The authors conclude that these data implicate specific disturbances in oligodendrocytes and axonal function associated with the white matter alterations usually seen in neuroimages of people with bipolar disorder.

Inflammation Predicts Lower Frontal and Temporal White Matter Volumes in Early-Stage Bipolar Disorder

October 23, 2019 · Posted in Neurochemistry · Comment 

At the 2019 meeting of the International Society for Bipolar Disorders, researcher David Bond found that seven inflammatory cytokines predicted lower white matter volumes in the left frontal and bilateral temporal lobes, as well as in the cingulate and inferior frontal gyri. Cytokines are secreted by some immune cells and send signals that can produce an effect in other cells.

Bond noted that greater inflammation did not predict lower parietal or occipital white matter volumes, suggesting that inflammation had a greater effect on white matter volume in those parts of the brain most closely linked to mood disorders.

Lithium Reverses Some White Matter Abnormalities in Youth with Bipolar Disorder

July 23, 2019 · Posted in Brain Imaging, Current Treatments · Comment 

white matterMultiple groups of researchers have reported the presence of white matter tract abnormalities in patients with bipolar disorder. Some of these abnormalities correlate with the degree of cognitive dysfunction in these patients. These white matter tract abnormalities, which are measured with diffusion tensor imaging (DTI), are widespread and can appear as early as childhood in people with bipolar disorder. Researcher Vivian Kafantaris mentioned at the 2019 meeting of the International Society for Bipolar Disorders that lithium treatment in children and adolescents normalizes these alterations, as described in an article she and her colleagues published in the journal Bipolar Disorders in 2017.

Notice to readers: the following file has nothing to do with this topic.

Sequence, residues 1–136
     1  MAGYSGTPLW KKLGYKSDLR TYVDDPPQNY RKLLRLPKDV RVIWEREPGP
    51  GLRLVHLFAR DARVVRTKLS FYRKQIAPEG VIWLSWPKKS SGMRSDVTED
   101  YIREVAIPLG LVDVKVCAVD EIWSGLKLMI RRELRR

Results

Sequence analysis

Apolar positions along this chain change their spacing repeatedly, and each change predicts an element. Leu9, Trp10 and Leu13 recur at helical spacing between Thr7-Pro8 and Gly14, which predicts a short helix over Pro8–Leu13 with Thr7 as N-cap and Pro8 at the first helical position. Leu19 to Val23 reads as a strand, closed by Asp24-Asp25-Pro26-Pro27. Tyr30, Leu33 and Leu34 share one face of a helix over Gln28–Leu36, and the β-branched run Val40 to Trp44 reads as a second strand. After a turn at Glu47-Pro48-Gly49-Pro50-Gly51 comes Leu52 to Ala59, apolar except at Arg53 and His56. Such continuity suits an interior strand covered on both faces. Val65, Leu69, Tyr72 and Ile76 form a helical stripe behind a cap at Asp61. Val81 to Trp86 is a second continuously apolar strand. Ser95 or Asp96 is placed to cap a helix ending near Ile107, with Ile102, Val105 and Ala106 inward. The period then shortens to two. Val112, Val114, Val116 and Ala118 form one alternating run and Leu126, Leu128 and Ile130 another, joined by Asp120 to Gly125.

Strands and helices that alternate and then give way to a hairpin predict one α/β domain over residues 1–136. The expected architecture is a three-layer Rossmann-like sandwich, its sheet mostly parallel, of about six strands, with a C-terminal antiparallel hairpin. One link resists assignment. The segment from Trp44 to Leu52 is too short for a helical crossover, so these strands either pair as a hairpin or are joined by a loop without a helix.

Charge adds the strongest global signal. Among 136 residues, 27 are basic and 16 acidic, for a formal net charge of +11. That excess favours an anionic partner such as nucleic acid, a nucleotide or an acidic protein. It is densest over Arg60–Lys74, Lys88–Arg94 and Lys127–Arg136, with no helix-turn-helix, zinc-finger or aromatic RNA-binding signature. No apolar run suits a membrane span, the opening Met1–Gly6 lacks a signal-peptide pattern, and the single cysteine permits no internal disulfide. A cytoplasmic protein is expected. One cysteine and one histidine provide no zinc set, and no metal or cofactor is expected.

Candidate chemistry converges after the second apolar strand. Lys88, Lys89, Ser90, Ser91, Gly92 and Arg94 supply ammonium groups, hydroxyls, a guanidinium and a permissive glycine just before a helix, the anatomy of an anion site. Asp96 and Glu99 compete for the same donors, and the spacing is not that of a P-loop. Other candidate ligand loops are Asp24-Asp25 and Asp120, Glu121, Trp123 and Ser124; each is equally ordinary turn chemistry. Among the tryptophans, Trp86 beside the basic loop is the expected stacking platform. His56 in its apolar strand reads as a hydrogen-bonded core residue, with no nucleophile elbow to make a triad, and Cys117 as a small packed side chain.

Editor’s Note: This is another reason to consider the use of lithium in children with bipolar disorder. Lithium treatment may help normalize some of the earliest signs of neuropathology in the illness.

White Matter Abnormalities in Obesity

January 16, 2019 · Posted in Brain Imaging, Neurobiology · Comment 

obese man

Researcher Ramiro Reckziegel and colleagues reported at a recent scientific meeting that white matter is abnormal in obese adults with bipolar disorder. In a 2018 article in the journal Schizophrenia Bulletin, Reckziegel reported that body mass index (BMI) was associated with reduced fractional anisotropy, a measure of brain fiber integrity, in the cingulate gyrus in patients with bipolar disorder. This finding implies that obesity may play a role in white matter microstructure damage in the limbic system.

White Matter Abnormalities Linked to Irritability in Both Bipolar Disorder and DMDD

January 14, 2019 · Posted in Brain Imaging, Neurobiology · Comment 

white matterAt a 2018 scientific meeting, researcher Julia Linke of the National Institute of Mental Health reported that there were white matter tract abnormalities in young people who had irritability associated with either bipolar disorder or disruptive mood dysregulation disorder (DMDD). Thus, while these two disorders differ in terms of diagnosis, presentation, and family history, they seem to have this neurobiological abnormality in common.